LAKELAND, Fla. — A Florida appeals court on May 22 threw out a $109.7 million jury award to a woman who lost her hands and feet to necrotizing fasciitis following complications from surgery to remove an ovarian cyst. It reversed and remanded for a fourth trial, holding that lower court errors prevented the defendant from presenting its causation defense (Board of Trustees of the University of South Florida v. Lisa-Maria Carter, No. 2D18-1219, Fla. App., 3rd Dist., 2020 Fla. App. LEXIS 7062).
NEW YORK — Amazon.com Inc. and Amazon.com Services LLC (together, Amazon) have failed to follow New York law and state and federal guidance during the novel coronavirus pandemic resulting in the death of at least one worker and workers’ family members from COVID-19, six employees of the Staten Island JFK8 fulfillment center allege in a June 3 complaint filed in a New York federal court (Derrick Palmer, et al. v. Amazon.com, Inc., et al., No. 20-2468, E.D. N.Y.).
LOS ANGELES — The family of a Hollywood nursing home resident who died of COVID-19 filed a negligence and wrongful death complaint on May 21 against the facility and its owners and operators, claiming that severe understaffing and a lack of proper infection control allowed the disease to “rage uncontrolled” through the facility, resulting in at least 16 resident deaths (Emma Martin, et al. v. Serrano Post Acute LLC d/b/a Hollywood Premier Healthcare Center, et al., No. 29-cv-19545, Calif. Super., Los Angeles Co.).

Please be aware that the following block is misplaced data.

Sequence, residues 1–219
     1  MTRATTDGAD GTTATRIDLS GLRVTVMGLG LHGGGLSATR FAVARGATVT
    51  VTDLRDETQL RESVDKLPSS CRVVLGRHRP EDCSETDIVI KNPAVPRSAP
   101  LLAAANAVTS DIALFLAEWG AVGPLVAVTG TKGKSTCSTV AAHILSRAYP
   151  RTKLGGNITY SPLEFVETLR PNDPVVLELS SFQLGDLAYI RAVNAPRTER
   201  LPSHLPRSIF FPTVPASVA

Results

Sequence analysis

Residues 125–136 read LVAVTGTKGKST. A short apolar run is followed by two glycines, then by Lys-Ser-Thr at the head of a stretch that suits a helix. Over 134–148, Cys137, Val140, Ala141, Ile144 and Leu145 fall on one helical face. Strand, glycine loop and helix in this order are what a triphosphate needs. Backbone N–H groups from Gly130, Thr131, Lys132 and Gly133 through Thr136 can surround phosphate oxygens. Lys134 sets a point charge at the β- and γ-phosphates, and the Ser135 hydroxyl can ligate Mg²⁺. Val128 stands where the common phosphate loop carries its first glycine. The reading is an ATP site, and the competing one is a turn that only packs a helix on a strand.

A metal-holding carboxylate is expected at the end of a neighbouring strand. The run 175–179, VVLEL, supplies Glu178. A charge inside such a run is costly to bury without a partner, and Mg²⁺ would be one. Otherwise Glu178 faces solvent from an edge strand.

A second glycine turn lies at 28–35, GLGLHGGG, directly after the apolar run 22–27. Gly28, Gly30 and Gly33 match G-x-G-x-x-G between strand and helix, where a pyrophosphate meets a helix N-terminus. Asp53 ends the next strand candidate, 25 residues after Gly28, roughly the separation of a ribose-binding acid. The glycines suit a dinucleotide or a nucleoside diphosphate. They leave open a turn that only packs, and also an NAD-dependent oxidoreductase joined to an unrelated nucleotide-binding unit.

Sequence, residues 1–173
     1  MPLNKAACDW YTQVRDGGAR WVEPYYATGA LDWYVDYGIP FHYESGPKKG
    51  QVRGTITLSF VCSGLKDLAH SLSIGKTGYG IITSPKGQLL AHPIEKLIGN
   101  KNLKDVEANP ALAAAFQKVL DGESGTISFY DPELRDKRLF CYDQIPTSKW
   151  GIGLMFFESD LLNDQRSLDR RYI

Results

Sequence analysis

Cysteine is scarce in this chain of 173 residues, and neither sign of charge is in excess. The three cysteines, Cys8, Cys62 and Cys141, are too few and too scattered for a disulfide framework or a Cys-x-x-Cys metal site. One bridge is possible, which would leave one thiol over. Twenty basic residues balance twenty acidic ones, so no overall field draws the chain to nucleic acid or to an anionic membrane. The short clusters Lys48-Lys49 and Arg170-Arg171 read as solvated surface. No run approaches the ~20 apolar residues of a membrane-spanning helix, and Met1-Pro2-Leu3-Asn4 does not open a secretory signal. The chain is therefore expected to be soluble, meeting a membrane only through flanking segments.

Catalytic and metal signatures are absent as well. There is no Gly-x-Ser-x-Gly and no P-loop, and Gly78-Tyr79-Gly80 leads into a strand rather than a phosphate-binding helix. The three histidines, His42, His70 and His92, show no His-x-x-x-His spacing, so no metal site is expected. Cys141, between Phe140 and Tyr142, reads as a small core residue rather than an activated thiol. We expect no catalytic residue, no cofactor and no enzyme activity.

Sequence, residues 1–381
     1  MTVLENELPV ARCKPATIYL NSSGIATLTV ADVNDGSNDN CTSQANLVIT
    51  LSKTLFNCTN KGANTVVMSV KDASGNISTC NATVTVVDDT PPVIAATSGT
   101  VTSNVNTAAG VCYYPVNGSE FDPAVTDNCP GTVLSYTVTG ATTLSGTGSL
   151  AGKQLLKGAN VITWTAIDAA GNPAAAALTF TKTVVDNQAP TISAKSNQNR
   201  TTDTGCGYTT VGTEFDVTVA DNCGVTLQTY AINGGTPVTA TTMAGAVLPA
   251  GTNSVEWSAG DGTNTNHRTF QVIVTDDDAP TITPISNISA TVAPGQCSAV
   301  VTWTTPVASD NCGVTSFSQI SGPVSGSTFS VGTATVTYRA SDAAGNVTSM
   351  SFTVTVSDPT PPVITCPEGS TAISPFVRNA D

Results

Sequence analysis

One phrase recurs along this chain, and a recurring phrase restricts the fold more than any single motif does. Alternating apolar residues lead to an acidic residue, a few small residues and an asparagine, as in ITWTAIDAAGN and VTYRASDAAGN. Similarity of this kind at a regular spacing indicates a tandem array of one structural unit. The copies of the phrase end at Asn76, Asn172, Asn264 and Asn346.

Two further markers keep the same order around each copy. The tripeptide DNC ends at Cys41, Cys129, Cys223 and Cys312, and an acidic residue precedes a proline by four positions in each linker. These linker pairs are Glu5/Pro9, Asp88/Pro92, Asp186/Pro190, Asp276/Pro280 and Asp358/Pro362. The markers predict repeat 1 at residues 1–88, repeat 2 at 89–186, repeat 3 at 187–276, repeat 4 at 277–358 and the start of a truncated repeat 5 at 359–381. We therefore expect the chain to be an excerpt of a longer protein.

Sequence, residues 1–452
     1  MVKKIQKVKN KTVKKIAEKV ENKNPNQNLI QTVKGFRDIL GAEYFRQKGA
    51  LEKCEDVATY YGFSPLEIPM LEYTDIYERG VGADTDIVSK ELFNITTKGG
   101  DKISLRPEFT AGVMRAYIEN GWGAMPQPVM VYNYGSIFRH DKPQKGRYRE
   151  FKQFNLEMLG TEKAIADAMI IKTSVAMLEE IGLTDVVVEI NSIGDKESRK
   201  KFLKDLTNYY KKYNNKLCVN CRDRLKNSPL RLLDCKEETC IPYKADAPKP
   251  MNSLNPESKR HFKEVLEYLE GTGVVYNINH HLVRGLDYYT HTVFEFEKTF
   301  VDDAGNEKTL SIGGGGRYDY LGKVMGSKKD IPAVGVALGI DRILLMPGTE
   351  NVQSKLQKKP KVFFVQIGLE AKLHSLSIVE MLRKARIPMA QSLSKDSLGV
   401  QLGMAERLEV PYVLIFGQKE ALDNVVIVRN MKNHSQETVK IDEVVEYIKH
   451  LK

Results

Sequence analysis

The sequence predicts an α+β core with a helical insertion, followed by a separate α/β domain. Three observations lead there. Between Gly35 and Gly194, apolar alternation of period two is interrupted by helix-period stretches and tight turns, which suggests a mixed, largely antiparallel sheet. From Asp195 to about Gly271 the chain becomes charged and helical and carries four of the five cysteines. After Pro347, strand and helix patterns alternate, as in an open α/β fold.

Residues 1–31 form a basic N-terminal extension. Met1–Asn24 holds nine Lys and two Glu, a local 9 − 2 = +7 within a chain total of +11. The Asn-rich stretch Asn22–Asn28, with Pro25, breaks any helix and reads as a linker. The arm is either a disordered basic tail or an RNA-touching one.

WEST PALM BEACH, Fla. — A Florida appellate panel on May 20 affirmed a lower court’s dismissal of a negligence action against Florida Light and Power Co. (FPL), finding that the utility provider had no duty to provide continuous electricity to a nursing home where several residents died following Hurricane Irma (Rehabilitation Center at Hollywood Hills, LLC v. Florida Power and Light Company, et al., No. 4D19-1786, Christine Cooper v. Florida Power and Light Company, et al., No. 4D19-1787, Fla. App., 4th Dist., 2020 Fla. App. LEXIS 6981).
SAN FRANCISCO — A California appeals panel on May 26 affirmed a lower court’s ruling that confirmed an arbitration award in favor of Lyft Inc. and denied its commercial general liability insurer’s petition to vacate the award in an insurance coverage dispute stemming from an accident that was caused by a driver who was using the Lyft platform (Tokio Marine Specialty Insurance Company v. Lyft, Inc., No. A155908, Calif. App., 1st Dist., Div. 4, 2020 Cal. App. Unpub. LEXIS 3261).
CAMDEN, N.J. — A New Jersey federal judge on May 21 denied summary judgment to a retailer in a couple’s slip-and-fall personal injury case after also denying the retailer’s bid to preclude the couple’s expert from testifying, not for a lack of merit but for an overabundance of briefing (Veronica Capaldi, et al. v. BJ’s Wholesale Club, Inc., et al., No. 1:18-cv-10615, D. N.J., 2020 U.S. Dist. LEXIS 89596).